Dengue virus and mosquito-borne disease experts
December 9, 2015
Mosquito larvae "snorkeling" in the Hill lab. Larvae breathe air through siphon tubes on their abdomens. (Purdue Agricultural Communication photo/Tom Campbell)
WEST LAFAYETTE, Ind. — The number of confirmed cases of dengue fever in Hawaii reached 139 on Dec. 7. Purdue University experts on dengue virus and mosquito-borne disease are available to discuss the virus, how it spreads and interacts with humans and mosquitos, mosquito control, and ways to protect from mosquito bites.
Richard Kuhn, professor and head of biological sciences, studies the replication of dengue virus and its interactions with human and mosquito hosts. Kuhn, along with Michael Rossmann, Purdue's Hanley Distinguished Professor of Biological Sciences, was part of the team to first map the structure of the dengue virus in 2002. Kuhn and Rossmann continue to identify targets for vaccines, antiviral drugs and treatments. Kuhn also is the inaugural director of the Purdue Institute for Inflammation, Immunology and Infectious Diseases (PI4D).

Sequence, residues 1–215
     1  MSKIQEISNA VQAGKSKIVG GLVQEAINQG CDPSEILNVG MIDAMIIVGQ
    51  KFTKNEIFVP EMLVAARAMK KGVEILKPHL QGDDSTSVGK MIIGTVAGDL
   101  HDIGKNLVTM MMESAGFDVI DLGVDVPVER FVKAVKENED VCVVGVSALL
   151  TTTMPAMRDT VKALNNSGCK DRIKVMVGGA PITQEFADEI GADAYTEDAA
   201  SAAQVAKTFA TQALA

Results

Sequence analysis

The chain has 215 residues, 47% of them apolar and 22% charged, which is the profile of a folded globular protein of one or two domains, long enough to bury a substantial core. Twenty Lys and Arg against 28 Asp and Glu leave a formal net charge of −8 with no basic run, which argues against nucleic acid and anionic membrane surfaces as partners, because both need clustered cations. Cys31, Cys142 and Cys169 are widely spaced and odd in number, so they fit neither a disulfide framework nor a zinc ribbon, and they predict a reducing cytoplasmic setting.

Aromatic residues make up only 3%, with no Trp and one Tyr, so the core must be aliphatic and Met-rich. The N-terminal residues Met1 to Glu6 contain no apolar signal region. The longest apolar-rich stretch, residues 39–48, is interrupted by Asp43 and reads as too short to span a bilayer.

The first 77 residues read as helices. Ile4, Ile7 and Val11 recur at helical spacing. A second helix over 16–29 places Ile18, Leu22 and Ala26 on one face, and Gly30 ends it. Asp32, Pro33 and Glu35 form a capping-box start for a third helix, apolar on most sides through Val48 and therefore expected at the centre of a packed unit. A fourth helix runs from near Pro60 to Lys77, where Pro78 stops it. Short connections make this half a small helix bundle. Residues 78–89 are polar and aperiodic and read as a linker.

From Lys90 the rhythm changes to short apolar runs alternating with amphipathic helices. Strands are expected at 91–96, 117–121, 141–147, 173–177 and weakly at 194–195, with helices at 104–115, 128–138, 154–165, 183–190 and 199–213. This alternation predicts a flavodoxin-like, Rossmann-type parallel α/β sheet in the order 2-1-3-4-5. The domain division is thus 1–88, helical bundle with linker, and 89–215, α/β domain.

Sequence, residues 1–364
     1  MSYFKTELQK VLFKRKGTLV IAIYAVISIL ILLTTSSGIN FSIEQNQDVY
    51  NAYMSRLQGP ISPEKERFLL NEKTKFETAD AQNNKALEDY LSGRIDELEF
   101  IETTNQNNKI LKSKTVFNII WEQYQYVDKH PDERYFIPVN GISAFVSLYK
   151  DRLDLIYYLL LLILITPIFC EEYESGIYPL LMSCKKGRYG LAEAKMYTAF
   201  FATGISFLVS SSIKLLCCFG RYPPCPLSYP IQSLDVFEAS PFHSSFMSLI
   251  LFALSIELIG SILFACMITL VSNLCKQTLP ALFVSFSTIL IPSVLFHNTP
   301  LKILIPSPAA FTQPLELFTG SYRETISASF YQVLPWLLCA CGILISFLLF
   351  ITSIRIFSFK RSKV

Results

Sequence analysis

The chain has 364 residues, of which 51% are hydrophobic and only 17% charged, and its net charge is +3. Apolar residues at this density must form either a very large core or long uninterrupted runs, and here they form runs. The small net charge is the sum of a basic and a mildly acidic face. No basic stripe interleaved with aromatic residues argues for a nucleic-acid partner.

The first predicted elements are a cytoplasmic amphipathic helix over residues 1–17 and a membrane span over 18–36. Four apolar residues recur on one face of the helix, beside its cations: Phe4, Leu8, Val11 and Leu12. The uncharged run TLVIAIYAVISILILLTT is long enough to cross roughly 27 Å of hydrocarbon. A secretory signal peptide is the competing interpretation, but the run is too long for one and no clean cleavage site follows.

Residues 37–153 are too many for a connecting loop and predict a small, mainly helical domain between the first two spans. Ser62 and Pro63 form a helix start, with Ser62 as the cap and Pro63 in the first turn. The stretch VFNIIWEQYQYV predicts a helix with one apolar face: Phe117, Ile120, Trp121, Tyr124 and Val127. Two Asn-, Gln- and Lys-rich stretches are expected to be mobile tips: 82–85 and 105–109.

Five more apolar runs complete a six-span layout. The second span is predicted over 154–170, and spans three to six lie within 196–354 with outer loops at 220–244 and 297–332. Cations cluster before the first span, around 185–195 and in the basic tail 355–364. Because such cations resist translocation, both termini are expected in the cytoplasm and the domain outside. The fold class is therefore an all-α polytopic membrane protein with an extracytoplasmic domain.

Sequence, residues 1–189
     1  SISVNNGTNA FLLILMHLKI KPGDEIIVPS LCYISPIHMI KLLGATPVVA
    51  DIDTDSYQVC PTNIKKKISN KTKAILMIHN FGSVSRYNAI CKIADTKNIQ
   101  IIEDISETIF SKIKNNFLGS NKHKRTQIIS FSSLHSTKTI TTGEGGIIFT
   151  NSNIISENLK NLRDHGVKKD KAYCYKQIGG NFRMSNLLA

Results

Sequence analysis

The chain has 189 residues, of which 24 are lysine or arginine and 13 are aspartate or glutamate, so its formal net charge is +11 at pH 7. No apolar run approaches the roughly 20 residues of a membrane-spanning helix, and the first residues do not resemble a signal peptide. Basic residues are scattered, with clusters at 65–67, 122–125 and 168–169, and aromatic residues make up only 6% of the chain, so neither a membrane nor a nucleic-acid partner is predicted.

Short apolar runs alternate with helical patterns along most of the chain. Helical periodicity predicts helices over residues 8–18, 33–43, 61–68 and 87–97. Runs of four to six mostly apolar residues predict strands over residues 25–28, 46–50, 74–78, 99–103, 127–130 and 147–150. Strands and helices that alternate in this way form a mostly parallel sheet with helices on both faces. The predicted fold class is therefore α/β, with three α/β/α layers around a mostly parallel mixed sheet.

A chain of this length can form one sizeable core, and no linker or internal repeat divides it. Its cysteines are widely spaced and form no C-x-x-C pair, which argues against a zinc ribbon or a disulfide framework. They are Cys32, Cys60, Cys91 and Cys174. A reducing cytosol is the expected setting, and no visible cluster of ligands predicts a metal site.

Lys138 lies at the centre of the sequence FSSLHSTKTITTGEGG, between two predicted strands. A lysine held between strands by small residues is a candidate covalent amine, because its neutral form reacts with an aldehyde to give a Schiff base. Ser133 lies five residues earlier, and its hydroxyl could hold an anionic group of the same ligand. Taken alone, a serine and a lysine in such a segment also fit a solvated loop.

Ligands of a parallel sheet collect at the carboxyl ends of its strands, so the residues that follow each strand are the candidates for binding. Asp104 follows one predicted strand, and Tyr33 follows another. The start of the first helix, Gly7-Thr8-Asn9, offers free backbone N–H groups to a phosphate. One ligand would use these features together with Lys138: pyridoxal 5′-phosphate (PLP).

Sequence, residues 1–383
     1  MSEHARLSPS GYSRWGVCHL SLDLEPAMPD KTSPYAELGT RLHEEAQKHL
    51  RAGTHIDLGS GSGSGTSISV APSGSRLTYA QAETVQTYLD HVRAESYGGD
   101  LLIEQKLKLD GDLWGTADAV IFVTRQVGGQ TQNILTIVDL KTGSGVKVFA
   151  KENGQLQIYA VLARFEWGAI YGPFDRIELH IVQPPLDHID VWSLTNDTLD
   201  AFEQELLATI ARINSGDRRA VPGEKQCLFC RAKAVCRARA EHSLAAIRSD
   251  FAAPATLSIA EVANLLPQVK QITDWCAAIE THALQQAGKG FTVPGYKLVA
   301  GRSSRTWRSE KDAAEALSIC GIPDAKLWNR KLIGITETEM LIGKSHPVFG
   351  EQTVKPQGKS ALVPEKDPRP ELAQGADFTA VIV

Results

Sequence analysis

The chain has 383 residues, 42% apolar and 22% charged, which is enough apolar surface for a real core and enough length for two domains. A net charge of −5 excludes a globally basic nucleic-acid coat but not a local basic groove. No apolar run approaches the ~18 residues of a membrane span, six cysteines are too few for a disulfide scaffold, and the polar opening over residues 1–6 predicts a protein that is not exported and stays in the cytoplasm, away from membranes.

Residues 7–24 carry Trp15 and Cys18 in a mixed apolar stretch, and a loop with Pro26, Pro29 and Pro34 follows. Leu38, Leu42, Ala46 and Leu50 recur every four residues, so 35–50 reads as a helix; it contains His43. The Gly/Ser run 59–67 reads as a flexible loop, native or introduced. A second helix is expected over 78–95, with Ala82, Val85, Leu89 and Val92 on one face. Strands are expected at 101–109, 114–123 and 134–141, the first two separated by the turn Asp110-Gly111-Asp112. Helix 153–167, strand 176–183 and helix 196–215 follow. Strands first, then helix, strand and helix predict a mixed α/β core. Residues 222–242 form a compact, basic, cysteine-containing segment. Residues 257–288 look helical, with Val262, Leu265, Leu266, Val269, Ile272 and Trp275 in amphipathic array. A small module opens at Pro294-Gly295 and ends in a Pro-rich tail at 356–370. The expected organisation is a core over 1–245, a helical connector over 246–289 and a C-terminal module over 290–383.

CONTACT: Richard Kuhn, 765-494-4407, firstname.lastname@example.org
Research website: http://bilbo.bio.purdue.edu/~viruswww/Kuhn_home/research.php
Catherine Hill, professor of medical entomology, vector biology and a public health Extension specialist, studies the biology of insects that cause human diseases. One focus of her research is on the biology of mosquitoes and ticks that impact human and animal health. She is the coordinator of the Purdue Entomology Public Health Extension Program, which aims to reduce transmission of vector-borne diseases through education. Hill can discuss transmission, epidemiology, symptoms and prevention of mosquito-borne diseases. She also can discuss control of mosquitoes and other medically relevant pests including ticks, lice, fleas, chiggers and bedbugs.
Hill also collaborated with Val Watts, interim head of the department and professor of medicinal chemistry and molecular pharmacology, to identify a new class of insecticides that could provide a safer, more selective means of controlling mosquitoes that transmit infectious diseases. Hill and Watts used the mosquito genome to pinpoint chemicals that disrupt the mechanics of dopamine, leading to the insect's death. The chemicals are more selective than current insecticides, which bind readily to molecules in humans and non-target insects.
CONTACT: Catherine Hill, 765-496-6157, email@example.com
Writers: Elizabeth K. Gardner, 765-494-2081, firstname.lastname@example.org
Natalie van Hoose, 765-496-2050, email@example.com